Grover Norquist occupies an odd position in American politics. He is not an elected official but he has had more influence over elected officials than arguably any other single person -- for he is the giver and keeper of "The Pledge."
Just as matrimonial vows cement a marriage, the Norquist promise binds the faithful to the most holy tenet of conservative ideology, something equivalent to an 11th Commandment: Thou shalt not raise taxes.
It actually is a little more verbose than that: The promise that members of the House and Senate make to their constituents is "ONE, oppose any and all efforts to increase the marginal income tax rates for individuals and/or businesses; and TWO, oppose any net reduction or elimination of deductions and credits, unless matched dollar for dollar by further reducing tax rates."
Mr. Norquist's role as a political puppeteer draws strength from his being president of Americans for Tax Reform. As its website boasts, "Since its rollout with the endorsement of President Reagan in 1986, the pledge has become de rigueur for Republicans seeking office, and is a necessity for Democrats running in Republican districts."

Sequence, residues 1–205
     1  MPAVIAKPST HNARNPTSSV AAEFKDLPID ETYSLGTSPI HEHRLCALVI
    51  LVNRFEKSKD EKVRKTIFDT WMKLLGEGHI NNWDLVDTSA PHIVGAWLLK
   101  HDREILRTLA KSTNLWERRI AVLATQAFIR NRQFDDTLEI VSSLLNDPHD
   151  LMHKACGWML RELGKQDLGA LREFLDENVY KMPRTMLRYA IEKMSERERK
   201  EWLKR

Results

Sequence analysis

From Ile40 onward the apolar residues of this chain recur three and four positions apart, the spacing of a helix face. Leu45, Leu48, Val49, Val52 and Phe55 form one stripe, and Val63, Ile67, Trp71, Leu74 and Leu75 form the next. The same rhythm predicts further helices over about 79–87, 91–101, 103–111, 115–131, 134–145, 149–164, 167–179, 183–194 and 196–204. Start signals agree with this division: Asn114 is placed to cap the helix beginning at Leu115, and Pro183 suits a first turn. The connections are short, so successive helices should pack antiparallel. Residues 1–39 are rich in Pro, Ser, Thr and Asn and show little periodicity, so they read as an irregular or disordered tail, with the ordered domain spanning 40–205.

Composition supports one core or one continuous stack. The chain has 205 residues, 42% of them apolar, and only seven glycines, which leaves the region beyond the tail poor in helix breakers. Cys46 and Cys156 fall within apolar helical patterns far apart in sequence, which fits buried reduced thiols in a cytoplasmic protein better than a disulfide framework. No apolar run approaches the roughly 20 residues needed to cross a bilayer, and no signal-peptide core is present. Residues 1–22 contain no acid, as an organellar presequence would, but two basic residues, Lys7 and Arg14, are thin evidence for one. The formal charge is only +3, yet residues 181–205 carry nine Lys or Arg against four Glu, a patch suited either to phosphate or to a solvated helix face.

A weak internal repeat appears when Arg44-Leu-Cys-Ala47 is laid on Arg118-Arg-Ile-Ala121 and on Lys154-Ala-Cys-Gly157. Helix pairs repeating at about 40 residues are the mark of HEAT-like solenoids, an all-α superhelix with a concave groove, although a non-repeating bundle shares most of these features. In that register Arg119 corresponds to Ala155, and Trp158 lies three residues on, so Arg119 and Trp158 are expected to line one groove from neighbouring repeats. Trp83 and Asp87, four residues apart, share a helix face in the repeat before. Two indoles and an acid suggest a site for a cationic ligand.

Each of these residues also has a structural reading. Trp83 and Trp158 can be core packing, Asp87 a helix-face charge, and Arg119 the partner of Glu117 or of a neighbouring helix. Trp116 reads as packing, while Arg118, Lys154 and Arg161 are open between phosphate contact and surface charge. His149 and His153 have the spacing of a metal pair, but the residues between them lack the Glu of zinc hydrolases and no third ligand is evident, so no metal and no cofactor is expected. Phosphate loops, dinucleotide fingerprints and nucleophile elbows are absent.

For years almost every Republican in Congress has taken the pledge -- until now. That's because the pledge has run into a hard piece of reality in the form of the so-called fiscal cliff, the harsh across-the-board spending cuts and higher tax rates that will occur if Congress can't reach a deficit-reduction agreement by the end of the year.
As it is generally agreed that the deficit can't be conquered by spending cuts alone but will also require new revenues (read: taxes), those who took the pledge find that they have painted themselves into a corner. How can they reach a compromise when one of the options is forbidden to them by their own rash promise?
In what might have seemed heresy until recently, some pledge-takers are having second thoughts. For instance, as the Associated Press reported, Sen. Bob Corker, R-Tennessee, says the only pledge that he will keep is his oath of office. Sen. Saxby Chambliss, R-Georgia, says he cares more about his country than sticking to the Norquist pledge. Of course, the real test will come when the results of the negotiations are known.
Never say never, according to an old saying, and the truth of that is confirmed by this crisis. It is one thing for a politician to promise that he or she will do everything possible to avoid raising taxes and will do so only as a last resort; it is another to let the country be wrecked for the sake of ideological purity. That hard-earned wisdom is no friend of Mr. Norquist and his unrealistic promise.